This journey took us first to France for the Serve Globally Euro Retreat and then to Britain for countless meetings and conversations. We landed in Paris where we were met by Francisco, the quintessential French man (although Portuguese by birth). He and his Minnesota-born wife, Stephanie, would become our soul-friends in minutes and were our hosts, guides, and interpreters throughout our brief time in France.

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Francisco and Stephanie Ramos

Francisco would use these skills well a couple days after our arrival while trying to help me file a report for my missing computer bag (an embarrassing story for another time).

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Ain’t she perdy?

 The Ramoses live mere blocks from the iconic Eiffel Tower, her long, bedazzled neck stiffly projecting into the French sky. This took a back seat to an even more pressing fun fact: they lived across the street from a chocolate bakery, “Chocolate Boulanger.” Our son’s insistence to the sonic similarity to chocolate lingerie makes the mind boggle. Let’s take a moment to catch our breath and move on______________.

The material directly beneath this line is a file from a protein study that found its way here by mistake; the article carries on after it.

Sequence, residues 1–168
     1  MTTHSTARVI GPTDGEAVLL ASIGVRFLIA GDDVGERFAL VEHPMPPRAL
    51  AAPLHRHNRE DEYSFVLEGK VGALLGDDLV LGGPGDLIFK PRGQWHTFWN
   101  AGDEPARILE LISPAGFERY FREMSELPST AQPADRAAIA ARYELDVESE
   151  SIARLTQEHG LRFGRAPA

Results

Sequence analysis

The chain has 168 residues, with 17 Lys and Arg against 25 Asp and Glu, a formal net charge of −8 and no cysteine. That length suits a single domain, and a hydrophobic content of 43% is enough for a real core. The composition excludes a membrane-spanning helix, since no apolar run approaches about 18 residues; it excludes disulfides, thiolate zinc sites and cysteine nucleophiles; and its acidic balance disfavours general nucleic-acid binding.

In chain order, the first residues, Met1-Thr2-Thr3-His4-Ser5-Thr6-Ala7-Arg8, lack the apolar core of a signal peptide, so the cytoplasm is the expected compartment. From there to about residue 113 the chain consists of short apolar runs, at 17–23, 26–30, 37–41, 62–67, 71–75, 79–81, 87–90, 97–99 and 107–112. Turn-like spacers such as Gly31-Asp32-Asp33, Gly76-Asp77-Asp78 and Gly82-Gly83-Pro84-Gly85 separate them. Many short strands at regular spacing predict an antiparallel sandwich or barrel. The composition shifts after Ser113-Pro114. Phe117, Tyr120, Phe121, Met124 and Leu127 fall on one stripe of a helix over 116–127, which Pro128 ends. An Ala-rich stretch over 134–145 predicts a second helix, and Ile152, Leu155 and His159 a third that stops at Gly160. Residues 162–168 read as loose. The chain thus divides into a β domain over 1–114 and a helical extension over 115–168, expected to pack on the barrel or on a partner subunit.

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There were two primary reasons for this trip. First, it was an exploration of possible ministry partners for me. Before I can begin the formal process of fundraising, I need to secure a partner who will effectively invite me to join them in ministry. This is crucial given the fact that our denomination, the Evangelical Covenant Church, (well, and most foreign countries), don’t simply welcome self-proclaimed evangelists helicoptered in to cultural environments, not unlike the U.S., already drenched in religious chicanery, charlatans, and cross-talk! 

Secondly, Rae hopes to secure a job in her field of expertise, digital mapping. She’s good at what she does but, in weaker moments, squints her eyes at her chances given our place in the mid-fifties club. Thankfully, heaven cares less for these things than potential employers!

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Rae’s dream job is with ESRI UK, the “Microsoft of digital mapping” as she calls it

Although at times a bit scattershot, the journey was purposeful in every way. We believe it was highly successful in establishing much-needed relationships – just the right conversations with just the right people at just the right times. Some of the best of those conversations began at a 150 year-old retreat centre in Sète, at the bottom of France. As in, the Mediterranean.

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I muscled through…somehow.

There is the lovely Serve Globally Europe team, all of them doing incredible work in a post-Christian Europe among artists, the poor, refugees, and/or victims of sex-slavery and violence; in spiritual formation, leadership training, and much more. They are as dedicated a group of servants as we’ve yet seen. The place these folks have in our hearts is now forever secure. It will be an honour to be counted among them.